Pick up game: how the Celtics will cope without Rondo

Jared Wickerham

In most rec leagues, there are few dynamic point guards that have a sick handle and can create shots for everybody. Usually, everybody sets screens for everybody else and you get the open shot for the open man. These are now your 2013 Boston Celtics.

I don't expect the Celtics to turn into Coach Dale's Hoosiers and pass the ball four times before every shot, but everyone's going to touch the ball and the versatility and unique skill sets that everybody brought to the table that got us all excited before the season began might finally be showcased. As Scott Souza alludes to, when you have the best pure point guard in the league, you'd be foolish not to run the offense through him. The problem is, that relegated everybody to the Ray Allen role in the offense and really, nobody does Ray Allen like Ray Allen does. The elevation and quickness of his jump shot is unmatched.

Norman Dale (via TECMOfantasy)

But this summer when Danny Ainge "replaced" #20 with Courtney Lee, Jason Terry, and Leandro Barbosa, people like me who lamented failed offensive sets where Ray would run off a series of screens and NOT get a shot off loved the idea of bringing in players that brought a more diverse skill set to the table. Both Terry and Lee could more effectively put the ball on the floor and either take it to the rack or create for others off the dribble. That meant more options for the offense for a team that struggled on that end of the floor.

Alas, that didn't happen. With Rondo averaging over 37 minutes a game, the Celtics offense ran primarily through #9. Sometimes it worked and sometimes it didn't. Although Boston remains one of the best shooting teams in terms of FG%, they currently rank 26th in efficiency and 20th in points scored.

No one will argue that the Celtics will be a better team without Rondo. He's their most dynamic playmaker and the toughest individual match up for the opposing team. However, if there's a silver lining in all this, it's that players that have been underachieving in the first half of the season will be able to utilize their abilities more so than they did before. Basketball is a tricky sport because there's a give and take with everything that you do. It's why Dwight Howard and Pau Gasol have difficulty sharing the court together. It's why Steph Curry and Monta Ellis couldn't co-exist in Golden State. To some extent, Rondo's brilliance made it unnecessary for Lee, Terry, and Barbosa to step up consistently. But with Rondo out until next season, these guys will get their chance to show fans what each of them has been successfully doing throughout their careers on other teams. From Souza's piece:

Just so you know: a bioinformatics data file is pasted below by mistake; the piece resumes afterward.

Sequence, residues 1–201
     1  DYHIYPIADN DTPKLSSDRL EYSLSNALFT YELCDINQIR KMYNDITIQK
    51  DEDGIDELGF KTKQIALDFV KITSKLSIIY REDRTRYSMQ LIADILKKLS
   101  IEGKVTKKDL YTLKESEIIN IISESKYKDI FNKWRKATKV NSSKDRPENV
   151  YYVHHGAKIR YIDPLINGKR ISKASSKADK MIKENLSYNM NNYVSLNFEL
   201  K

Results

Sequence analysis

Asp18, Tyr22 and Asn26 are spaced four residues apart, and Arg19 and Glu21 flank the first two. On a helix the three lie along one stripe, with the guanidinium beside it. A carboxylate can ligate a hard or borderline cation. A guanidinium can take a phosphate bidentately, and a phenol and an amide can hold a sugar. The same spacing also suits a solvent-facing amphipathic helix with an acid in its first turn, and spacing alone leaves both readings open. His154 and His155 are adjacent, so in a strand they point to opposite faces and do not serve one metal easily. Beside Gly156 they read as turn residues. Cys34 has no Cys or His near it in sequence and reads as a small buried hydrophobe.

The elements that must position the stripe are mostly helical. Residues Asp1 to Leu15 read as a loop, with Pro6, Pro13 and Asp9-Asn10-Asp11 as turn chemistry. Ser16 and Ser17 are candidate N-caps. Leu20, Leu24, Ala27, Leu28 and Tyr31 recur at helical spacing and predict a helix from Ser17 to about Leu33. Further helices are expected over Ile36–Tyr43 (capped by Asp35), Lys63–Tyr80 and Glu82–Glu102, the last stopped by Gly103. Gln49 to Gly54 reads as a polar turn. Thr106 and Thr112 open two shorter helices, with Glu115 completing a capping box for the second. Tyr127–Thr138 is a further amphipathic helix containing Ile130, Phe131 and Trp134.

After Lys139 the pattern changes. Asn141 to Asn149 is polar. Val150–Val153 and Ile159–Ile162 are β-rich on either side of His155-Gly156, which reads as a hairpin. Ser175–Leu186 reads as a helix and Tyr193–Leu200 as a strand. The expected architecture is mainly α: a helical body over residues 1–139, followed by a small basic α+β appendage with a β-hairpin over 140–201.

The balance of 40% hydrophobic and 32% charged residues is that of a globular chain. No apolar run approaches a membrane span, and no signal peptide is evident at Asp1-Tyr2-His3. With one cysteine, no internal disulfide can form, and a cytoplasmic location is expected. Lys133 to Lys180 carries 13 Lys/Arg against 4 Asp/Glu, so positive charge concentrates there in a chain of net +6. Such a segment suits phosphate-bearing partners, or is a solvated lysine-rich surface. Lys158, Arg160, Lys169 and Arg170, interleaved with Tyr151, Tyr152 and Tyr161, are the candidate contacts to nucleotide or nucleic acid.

Celtics practice report: Jason Terry talks candidly about life after Rajon Rondo

Celtics guard Jason Terry wanted to get the qualifier out there right away.

"Don't get me wrong," he prefaced, "Rajon (Rondo) makes us the best we can possibly be."

(You can just hear that BUT coming, can't you?)

"But," he continued, "now, having multiple ball-handlers out there, it's just going to make us unpredictable. You don't know who's going to handle it. I think the wings are going to get out there and run a little harder. We should be able to play in transition a little more."

Honestly, I think guys like Terry, Lee, and Barbosa are relishing at this opportunity. As great as it was to be on the shooting end of a Rondo assist, these guys are playmakers--specifically Terry and Barbosa--and I'm sure they're looking forward to sharing the ball more and getting more touches. I've made comparisons to that 2011 Dallas Mavericks championship team because that team really simplified their offense and made everybody a threat. Sure, they had Dirk and we have Pierce and Garnett, but what made that team special were the contributions of Terry, Marion, and Barea. They were guys that could run pick-and-roll and make all the right decisions. That could be the 2013 Celtics without Rondo. D'Amico points out that the team might have a problem with bring up the ball without RR, but as soon as they hit the half court, they're going to be deadly:


"That part, honestly, I don't think it's much different," Rivers said. "If you watch our second unit, that's what they were doing. I don't see a lot of change there.

"We're already doing it a lot with the second unit. The first unit was watching it, what we were doing with the ball movement. There was no point guard system with that unit. That unit was becoming very successful. Now, the entire team does that. We did it once so far against Miami. Now, we just have to get better at it."

This also unlocks the playmaking abilities of Jeff Green and over the course of the next forty games, we're really going to see if he's a future star in this league and the heir apparent to Paul Pierce at the 3. He's had a few confidence building moments through out the year, but none as big as Sunday's game. Down the stretch, he was hitting big threes and throwing down big dunks but most importantly, taking the lion's share of the responsibility of stopping LeBron. Going forward, look for JG to take a big step.

Jeff Green Throws Down on the Heat (via NBA)

Still can't get enough of that dunk.

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